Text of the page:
karl meltzer training appalachian trail
Karl Meltzer trains for his second attempt at the Appalachian Trail thru-hike speed record; photo by Red Bull Media House

It’s worth noting that even among the community of FKT aficionados, the definition of these undertakings is controversial and ever-evolving. Read up on the conversation here.

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FKT: Value the Experience

Ultimately, FKTs tend to be a very solo endeavor. You’ll be alone on the trail, and you alone know what happens every step of the way.

Joe Grant

While you are moving fast, the experience should be a top priority, according to many elite hikers.

Joe Grant, the record holder for summiting all 57 peaks in Colorado over 14,000 feet and cycling between them, explained it to GearJunkie in an interview.

“The headlines read ‘Colorado Man Conquers All the Peaks,’” he said. “It frustrated me. Honestly, I couldn’t give a shit about the time and I didn’t conquer anything. The experience was so much more powerful than that.”

Bakwin echoed his sentiment, explaining why a trip report is still crucial in our technological era.

“To me, the trip report is still central,” he said. “I think that’s what brings people some personal resonance to what you’ve done and makes it believable. I don’t throw that out because of technology.”

Technology Is Useful in Recording FKTs

Bakwin explained that GPS trackers have been a pitfall for many FKT attempts.

SPOT devices in particular don’t work well under the heavy tree cover of the Appalachian Trail. And any device can drain batteries and not function when needed, he explained.

“The best way to get reliable info is to put it in tracking mode. But if you’re walking under trees all the time, it tries to reach satellite constantly and runs out of batteries,” Bakwin said. “It’s better to go to an opening and press the button to ping the satellite. You just need a few every day.”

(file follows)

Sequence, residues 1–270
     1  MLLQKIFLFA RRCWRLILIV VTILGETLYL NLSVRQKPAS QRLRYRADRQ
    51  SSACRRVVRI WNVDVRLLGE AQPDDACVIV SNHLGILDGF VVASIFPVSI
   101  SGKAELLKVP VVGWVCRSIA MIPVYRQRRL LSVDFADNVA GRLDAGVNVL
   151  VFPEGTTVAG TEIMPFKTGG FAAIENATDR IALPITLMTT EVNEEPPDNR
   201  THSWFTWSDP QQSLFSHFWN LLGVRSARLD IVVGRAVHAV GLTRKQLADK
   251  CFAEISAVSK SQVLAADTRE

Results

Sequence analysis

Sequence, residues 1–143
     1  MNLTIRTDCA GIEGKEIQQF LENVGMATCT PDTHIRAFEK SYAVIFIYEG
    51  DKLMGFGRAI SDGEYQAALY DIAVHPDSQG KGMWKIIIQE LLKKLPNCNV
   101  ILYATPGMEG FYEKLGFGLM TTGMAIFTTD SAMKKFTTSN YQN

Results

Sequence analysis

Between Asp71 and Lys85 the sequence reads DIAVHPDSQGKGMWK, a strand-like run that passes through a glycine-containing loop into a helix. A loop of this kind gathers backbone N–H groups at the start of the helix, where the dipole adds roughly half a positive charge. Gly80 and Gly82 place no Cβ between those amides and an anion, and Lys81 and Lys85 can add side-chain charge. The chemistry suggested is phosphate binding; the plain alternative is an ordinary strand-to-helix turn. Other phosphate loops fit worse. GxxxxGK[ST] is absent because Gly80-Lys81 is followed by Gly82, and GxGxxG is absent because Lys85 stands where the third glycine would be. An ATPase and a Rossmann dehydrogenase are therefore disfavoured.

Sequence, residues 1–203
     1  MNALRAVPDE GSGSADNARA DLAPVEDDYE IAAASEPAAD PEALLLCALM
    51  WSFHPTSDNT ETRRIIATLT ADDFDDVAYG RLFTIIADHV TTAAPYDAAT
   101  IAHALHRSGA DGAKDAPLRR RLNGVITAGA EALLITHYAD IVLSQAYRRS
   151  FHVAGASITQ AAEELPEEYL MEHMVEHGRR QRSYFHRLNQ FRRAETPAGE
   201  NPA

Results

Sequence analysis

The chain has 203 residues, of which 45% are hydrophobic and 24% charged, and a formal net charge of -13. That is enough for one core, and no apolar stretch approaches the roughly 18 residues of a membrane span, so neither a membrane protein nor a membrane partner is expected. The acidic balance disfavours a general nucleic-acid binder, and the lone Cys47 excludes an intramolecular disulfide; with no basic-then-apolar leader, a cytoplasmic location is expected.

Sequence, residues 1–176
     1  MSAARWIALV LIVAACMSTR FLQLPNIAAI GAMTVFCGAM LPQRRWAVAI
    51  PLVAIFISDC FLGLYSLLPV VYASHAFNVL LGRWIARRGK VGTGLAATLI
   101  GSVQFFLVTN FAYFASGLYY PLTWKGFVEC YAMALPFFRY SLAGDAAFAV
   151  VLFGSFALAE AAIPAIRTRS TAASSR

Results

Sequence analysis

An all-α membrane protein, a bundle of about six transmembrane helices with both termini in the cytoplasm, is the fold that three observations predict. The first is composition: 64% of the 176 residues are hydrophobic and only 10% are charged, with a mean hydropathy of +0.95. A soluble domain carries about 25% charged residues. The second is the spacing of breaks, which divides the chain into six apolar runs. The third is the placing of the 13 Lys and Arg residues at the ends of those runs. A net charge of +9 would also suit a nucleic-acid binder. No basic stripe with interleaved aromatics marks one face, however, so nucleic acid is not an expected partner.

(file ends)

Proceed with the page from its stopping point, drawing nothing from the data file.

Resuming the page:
And the only way to know your devices is to practice using them.

“I like to say that you wouldn’t go into the wilderness not knowing how to use your stove,” he said. “You need to know how to use a satellite tracker – and its limitations.”

FKT: A Sport Alone

FKTs will always rely on the honor of participants. And the burden of proof to record an FKT rightfully falls on them.

As Bakwin explained, there are many races where you can run against others head-to-head. Everywhere from track and field and cross country to ultra-marathons like the UTMB, runners have a chance to run the same course on the same day.

François D’Haene paces toward an FKT on the John Muir Trail (2017); photo by Damien Rosso / droz-photo.com

FKTs are different. They require independence, creativity, and a will to hold oneself to high standards.

“There are no rules, only guidelines,” Bakwin said. “They are for the athlete’s benefit so people believe you. I’ve never said that just because you don’t have a SPOT it doesn’t count.”

But there are ways to pretty much guarantee it counts. It’s best to get a GPS device, know how to use it, and follow the guidelines outlined above.

Embrace the community, and be open about your attempts. Happy trails!


–This article is sponsored by Merrell. Enter the Find Your FKT contest here and see all details on the MQM FLEX line at Merrell.